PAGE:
“What matters to Uvalde is that these bereaved families and this grieving community get a full investigation and an accurate account of what happened that day,” he said. “Petty infighting, clickbait headlines and politically motivated scapegoating are not helping anyone.”
Trends Wide has reached out to the Texas Department of Public Safety, the district attorney’s office, the chairman of the Texas House investigative committee and the San Antonio office of the FBI for further comment.
State Senator’s Lawsuit Challenges DPS Secrecy
In his lawsuit filed Wednesday, Gutierrez challenged DPS decisions to withhold information from the public, including police body camera footage, 911 audio and ballistic reports.
“DPS has violated Chapter 552 of the Government of Texas by failing to provide public documents that are supposed to be public within a reasonable time,” the suit states.
In a section titled “The Cover-Up,” the lawsuit notes that DPS has used an exception to the law to keep the records private.
“These government agencies have used the ‘ongoing law enforcement exception’ to the Texas open records law to prohibit access to information that could shed light on the response to the school shooting,” the suit states.
Gutierrez asked the Travis County District Court to rule that DPS immediately provide the documents in its records request.
District Attorney Christina Mitchell Busbee issued a statement two weeks ago stating that the FBI and Texas Rangers were investigating the shooting and that “any release of records from that incident at this time would interfere with that ongoing investigation and preclude a thorough and complete investigation.” ”.
Still, Kelley Shannon, executive director of the Freedom of Information Foundation of Texas, urged transparency in a statement Wednesday.
“It is important to note that the Texas Public Information Act does not require law enforcement investigators to withhold information about a crime from the public,” Shannon said. “The law enforcement exception to release is discretionary. In fact, many police officers and prosecutors throughout Texas routinely release investigative information to the public when they feel the need to do so, whether it is to help catch a wanted suspect, to seek more clues about a crime, or to show positive performance of the investigation. policeman”.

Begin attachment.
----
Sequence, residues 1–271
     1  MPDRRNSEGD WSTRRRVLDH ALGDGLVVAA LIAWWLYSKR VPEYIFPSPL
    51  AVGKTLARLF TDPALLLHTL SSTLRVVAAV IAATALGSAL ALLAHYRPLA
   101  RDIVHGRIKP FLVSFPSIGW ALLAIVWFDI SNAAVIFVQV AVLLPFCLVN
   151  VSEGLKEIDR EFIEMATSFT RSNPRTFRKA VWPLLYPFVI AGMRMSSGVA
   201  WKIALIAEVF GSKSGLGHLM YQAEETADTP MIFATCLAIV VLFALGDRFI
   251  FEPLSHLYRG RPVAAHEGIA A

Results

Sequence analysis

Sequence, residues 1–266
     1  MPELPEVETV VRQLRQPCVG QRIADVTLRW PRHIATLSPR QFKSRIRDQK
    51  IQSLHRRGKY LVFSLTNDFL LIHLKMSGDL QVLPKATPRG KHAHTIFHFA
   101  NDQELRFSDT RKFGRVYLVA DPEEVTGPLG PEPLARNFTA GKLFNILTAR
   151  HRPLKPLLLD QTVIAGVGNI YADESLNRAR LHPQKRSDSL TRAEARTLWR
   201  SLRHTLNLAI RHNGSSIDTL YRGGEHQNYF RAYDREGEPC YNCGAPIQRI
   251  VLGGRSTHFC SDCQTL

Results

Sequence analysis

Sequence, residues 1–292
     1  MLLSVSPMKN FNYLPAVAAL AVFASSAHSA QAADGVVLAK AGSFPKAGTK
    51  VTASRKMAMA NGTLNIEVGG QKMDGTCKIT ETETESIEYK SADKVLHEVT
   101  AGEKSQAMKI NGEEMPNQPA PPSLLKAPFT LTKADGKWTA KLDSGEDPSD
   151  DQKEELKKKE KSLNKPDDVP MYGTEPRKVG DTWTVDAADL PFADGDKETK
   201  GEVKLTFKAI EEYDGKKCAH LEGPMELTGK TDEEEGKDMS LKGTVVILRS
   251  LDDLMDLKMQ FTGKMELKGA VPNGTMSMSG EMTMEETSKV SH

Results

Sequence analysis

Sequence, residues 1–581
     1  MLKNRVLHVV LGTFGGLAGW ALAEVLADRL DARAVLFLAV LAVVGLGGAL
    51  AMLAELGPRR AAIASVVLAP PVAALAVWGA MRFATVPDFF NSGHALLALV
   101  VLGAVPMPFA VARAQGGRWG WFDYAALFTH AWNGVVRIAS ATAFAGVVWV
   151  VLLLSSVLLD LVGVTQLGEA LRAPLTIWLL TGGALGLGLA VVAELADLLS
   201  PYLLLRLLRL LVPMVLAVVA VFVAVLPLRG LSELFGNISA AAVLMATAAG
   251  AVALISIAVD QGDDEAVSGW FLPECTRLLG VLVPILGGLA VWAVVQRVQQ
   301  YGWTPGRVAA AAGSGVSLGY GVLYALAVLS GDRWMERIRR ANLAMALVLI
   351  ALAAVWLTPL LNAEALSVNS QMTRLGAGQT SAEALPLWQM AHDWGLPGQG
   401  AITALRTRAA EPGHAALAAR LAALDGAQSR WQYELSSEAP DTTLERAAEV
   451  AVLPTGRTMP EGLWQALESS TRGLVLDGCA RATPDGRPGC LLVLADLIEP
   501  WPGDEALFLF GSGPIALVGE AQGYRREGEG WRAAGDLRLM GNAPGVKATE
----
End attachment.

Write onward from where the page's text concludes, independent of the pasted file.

Mayor says he’s frustrated by lack of transparency
At the city council meeting, McLaughlin noted that officers from at least eight law enforcement agencies were in the hallway outside the classrooms on the day of the shooting. McLaughlin said he has no desire to seek elected office again and that he is “not covering for anyone,” and said all responding agencies must be held accountable.
He said the leaking of certain bits of information in recent weeks “continues to create chaos in our community and prevents the full truth from coming out.”
In particular, he took aim at what he said was a false report that local police were not cooperating with investigators, and expressed frustration at being left in the dark.
“I’m just as frustrated, maybe not as frustrated as the families who have lost loved ones, but I’m angry that I can’t give them answers or can’t get them,” McLaughlin said.
McLaughlin said it was intended to receive a daily report from authorities since its inception, but none has been provided. “The contemplations are over. As we know, we will share it. We are not going to hold back any longer,” he said.
McLaughlin has criticized investigators’ lack of transparency before, saying at a June 7 city council meeting, “We had some missteps with DPS in putting out some facts or different things, but it wasn’t the Rangers who were leading. the investigation. I don’t blame anyone,” he stated.
“They told us one thing one day, and the next day the narrative changed. They told him for a week that a teacher opened the door with a stone, and at the end of the week that story disappeared too. Those are the mistakes I’m talking about,” she added.
The city council meeting also questioned Arredondo’s absence from the public eye.
Trends Wide’s Jamiel Lynch, Andy Rose, Christina Maxouris, Amanda Musa, Rosalina Nieves, Amy Simonson, Travis Caldwell and Steve Almasy contributed to this report.